February – Brown Rice ‘Risotto’ with Mushrooms in the Instant Pot

February – Brown Rice ‘Risotto’ with Mushrooms in the Instant Pot

Can you make a risotto with brown rice? Can you make it in the electric pressure cooker? And, if you do use brown rice and cook it in a pressure cooker, can you call it risotto? Those are all valid questions. I can answer numbers one and two. Yes, you can make a delicious risotto-like dish with brown rice. And yes, you can do it in the electric pressure cooker. As to the question of ‘is it really a risotto’, the answer is more complicated. If to you a risotto is arborio rice, hand-stirred over a hot stove dish with slow additions of broth, the answer is no. But, if you are after a healthy and creamy brown rice dish made hands-off in an electric pressure cooker, the answer is yes. It is risotto-like. I think I can legitimately call it that.

Amazingly I have heard (but not tried) making a risotto with short-grain brown rice in the traditional hand-stirred method. You need to stir at least double the amount of time for the starch to develop. It sounds very tiring; but possible. Let me know if any of you try it.

As I wrote in my previous post, Brown Rice Risotto with Edamame Beans and Spinach, (also made in the pressure cooker) there are several recipes for baked rice out there, even baked brown rice. Ina Garten has an easy baked Parmesan “risotto” method which only requires a few minutes of stirring at the end. Her recipe is similar to America’s Test Kitchen’s baked brown rice. The blog Cookie + Kate combined the two in her recipe for baked brown rice risotto with mushrooms. Hey Nutrition Lady has a recipe for a brown rice risotto made in the InstantPot on her site. This dish is a combination of the recipes above. I wanted to combine the inherent nuttiness of brown rice with mushrooms and some healthy green spinach.

Because there is no evaporation in a pressure cooker, the quantity of stock has to be reduced. For each 1/2 cup of brown rice, 1 cup of stock should be used. And, the quality of the stock is crucial since the flavor is concentrated in the rice. Unsalted homemade chicken or vegetable is the best. I add 1/2 cup of white wine, cooked down until it is mostly evaporated once the onion and garlic are finished sautéing. The wine adds a depth of flavor to the dish when it’s concentrated but would taste harsh if it wasn’t cooked down almost completely. Trust your nose on this one.

For the mushroom ‘risotto’ I used both fresh and dried mushrooms. I presoaked the dried ones in hot water and used the mushroom stock as part of my liquid. It deepened and intensified the overall finished mushroom flavor.

You could easily convert this to a vegan version by using olive oil and a good quality or homemade vegetable stock.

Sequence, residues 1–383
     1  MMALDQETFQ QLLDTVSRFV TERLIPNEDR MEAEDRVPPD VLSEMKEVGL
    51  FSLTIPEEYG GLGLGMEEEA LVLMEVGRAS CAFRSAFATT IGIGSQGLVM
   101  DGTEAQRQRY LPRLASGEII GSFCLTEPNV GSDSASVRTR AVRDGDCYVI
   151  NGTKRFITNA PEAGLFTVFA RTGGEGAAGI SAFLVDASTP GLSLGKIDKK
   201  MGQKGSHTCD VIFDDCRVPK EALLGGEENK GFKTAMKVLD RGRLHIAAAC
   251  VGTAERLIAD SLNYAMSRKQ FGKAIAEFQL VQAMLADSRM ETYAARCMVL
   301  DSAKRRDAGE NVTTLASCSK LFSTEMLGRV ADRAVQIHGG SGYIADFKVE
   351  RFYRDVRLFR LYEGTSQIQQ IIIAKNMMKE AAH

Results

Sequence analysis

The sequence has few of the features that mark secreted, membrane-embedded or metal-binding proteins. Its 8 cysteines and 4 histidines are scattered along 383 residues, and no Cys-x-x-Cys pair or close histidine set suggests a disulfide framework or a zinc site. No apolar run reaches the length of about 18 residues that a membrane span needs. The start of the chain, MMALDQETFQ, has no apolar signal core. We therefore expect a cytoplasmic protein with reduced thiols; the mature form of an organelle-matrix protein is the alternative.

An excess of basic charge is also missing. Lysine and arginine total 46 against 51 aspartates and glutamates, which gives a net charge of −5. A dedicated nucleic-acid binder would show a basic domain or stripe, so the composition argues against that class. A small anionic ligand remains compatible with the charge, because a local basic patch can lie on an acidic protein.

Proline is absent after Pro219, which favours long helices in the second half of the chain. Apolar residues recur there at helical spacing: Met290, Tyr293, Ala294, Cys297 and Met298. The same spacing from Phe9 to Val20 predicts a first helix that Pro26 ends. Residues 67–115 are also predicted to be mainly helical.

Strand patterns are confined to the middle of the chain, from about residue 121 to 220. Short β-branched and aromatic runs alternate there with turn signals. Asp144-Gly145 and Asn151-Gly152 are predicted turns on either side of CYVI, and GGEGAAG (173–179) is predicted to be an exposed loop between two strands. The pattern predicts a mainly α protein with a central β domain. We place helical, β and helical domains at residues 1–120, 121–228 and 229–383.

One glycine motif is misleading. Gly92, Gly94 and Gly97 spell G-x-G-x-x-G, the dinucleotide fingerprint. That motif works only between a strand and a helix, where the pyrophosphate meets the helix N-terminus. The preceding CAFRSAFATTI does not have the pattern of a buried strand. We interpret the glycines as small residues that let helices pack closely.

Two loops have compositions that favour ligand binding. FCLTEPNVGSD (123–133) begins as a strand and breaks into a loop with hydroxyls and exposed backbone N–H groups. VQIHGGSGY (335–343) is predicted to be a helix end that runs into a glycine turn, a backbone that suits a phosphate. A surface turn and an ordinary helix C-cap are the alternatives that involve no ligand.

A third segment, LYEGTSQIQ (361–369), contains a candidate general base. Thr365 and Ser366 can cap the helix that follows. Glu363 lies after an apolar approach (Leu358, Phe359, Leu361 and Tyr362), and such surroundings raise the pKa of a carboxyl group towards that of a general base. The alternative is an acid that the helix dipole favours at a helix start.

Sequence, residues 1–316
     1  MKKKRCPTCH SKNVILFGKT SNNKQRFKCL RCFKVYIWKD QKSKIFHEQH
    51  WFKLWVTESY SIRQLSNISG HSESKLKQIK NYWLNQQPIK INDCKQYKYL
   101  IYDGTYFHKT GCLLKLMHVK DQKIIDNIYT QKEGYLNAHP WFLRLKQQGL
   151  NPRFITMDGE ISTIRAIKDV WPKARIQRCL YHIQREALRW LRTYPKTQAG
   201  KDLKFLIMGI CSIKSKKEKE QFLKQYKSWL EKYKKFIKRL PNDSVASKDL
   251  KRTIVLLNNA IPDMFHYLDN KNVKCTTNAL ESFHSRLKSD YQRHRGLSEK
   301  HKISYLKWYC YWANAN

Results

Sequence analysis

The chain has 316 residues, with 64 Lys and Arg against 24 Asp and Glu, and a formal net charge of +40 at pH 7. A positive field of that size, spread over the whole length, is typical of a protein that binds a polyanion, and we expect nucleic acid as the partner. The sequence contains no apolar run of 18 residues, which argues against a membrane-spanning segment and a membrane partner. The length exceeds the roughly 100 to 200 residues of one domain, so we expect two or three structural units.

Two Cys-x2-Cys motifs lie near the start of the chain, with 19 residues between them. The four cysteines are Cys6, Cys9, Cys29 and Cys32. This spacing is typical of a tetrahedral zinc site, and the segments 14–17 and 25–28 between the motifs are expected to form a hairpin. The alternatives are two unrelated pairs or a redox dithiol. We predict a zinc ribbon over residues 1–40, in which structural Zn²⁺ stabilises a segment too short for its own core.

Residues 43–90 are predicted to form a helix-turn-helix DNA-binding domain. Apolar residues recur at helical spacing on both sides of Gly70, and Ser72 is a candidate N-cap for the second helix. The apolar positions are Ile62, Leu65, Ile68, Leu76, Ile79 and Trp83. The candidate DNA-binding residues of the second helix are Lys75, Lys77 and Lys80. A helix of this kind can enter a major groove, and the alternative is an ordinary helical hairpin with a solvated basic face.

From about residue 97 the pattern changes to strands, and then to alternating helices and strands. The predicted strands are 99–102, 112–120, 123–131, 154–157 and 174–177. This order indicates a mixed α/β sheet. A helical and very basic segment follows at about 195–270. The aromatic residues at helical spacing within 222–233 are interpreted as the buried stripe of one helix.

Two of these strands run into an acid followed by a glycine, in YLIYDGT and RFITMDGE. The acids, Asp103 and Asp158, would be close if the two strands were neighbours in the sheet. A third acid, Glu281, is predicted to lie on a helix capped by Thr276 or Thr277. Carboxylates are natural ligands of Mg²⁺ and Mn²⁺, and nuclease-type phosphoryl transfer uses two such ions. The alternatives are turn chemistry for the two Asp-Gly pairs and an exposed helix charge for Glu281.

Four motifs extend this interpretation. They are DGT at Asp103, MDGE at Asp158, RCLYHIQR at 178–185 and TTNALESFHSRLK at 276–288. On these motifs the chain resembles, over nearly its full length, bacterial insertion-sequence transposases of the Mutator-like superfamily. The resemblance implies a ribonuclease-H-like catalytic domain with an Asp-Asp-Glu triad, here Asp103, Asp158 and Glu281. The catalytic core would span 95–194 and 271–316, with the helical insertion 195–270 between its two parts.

I have bolded short-grain brown rice because I think it’s important. I am not sure this would work with basmati or another long-grain rice. Short grain is higher in starch.

Brown Rice ‘Risotto’

Ingredients:

6 small side dishes, 2-3 main

  • 1/2 cup of dried mushrooms, I used porcini (about 1/2 oz)
  • Boiling water to cover
  • 2 tablespoons of olive oil plus 1 tablespoon of butter to saute the onions and garlic
  • 1 large onion, finely chopped
  • 1 chile de Arbol, crumbled
  • 2 garlic cloves, minced or grated
  • 1/2 cup of dry white wine
  • 1- 1/2 cups of short-grain brown rice
  • 3 cups of liquid – mushroom soaking water (strained) plus chicken or vegetable broth

Fresh mushrooms:

  • 2 tablespoons of olive oil or butter to saute the mushrooms
  • 2 cups of fresh mushrooms, trimmed and sliced (about 6 oz)

To Finish:

  • 2 ounces of baby spinach, roughly chopped (or peas, or blanched asparagus tips, or…)
  • 1/2 cup of freshly grated parmesan
  • optional pat of butter stirred in at the end

Method:

  1. Place the dried mushrooms in a small bowl and add hot (I used just boiled) water to cover. Leave for at least 20 minutes. Once soft, cut off any hard bits and chop into pieces about 1/2 inch in size.
  2. Using the saute setting, heat the olive oil and 1 tablespoon of butter.
  3. Add the onion and chile de Arbol. Saute for 5-10 minutes until the onions are turning golden brown then add the garlic and continue cooking for another minute.
  4. Add the rice and stir to combine, toasting the rice for about 1 minute.
  5. Add the wine and stir constantly until is mostly evaporated.
  6. Add the softened and chopped dried mushrooms.
  7. Hit cancel or stop to end the saute setting.
  8. Add the stock and mushroom soaking liquid, stir well, scraping the bottom of the pot to ensure there are no bits stuck to the bottom.
  9. Put on the lid and lock it in place, make sure the vent is set to sealing. Set it at high pressure for 24 minutes.
  10. When the cooking cycle is complete, allow the pressure to release naturally for 15 min, then quickly release.
  11. Remove the lid, add the second tablespoon of butter (if using) and stir for 1 – 2 minutes to create a creamy texture.
  12. Stir in the spinach, sautéed mushrooms, and parmesan.

If you are making this for company it will take about an hour total to cook, but most of it is hands off. You can saute the onion (or shallots) and garlic ahead of time. Same with the fresh mushrooms. Measure out all your ingredients. When you are ready, turn the machine back to saute and proceed with the recipe from step 4. The cooker will take about 15 minutes to reach full pressure once you turn that function on, then 24 minutes at high pressure, 15 minutes to release. It’s simply a matter of stirring and adding the spinach, fresh mushrooms and parmesan (plus an optional pat of butter) at the very end. Make sure you serve it in preheated bowls.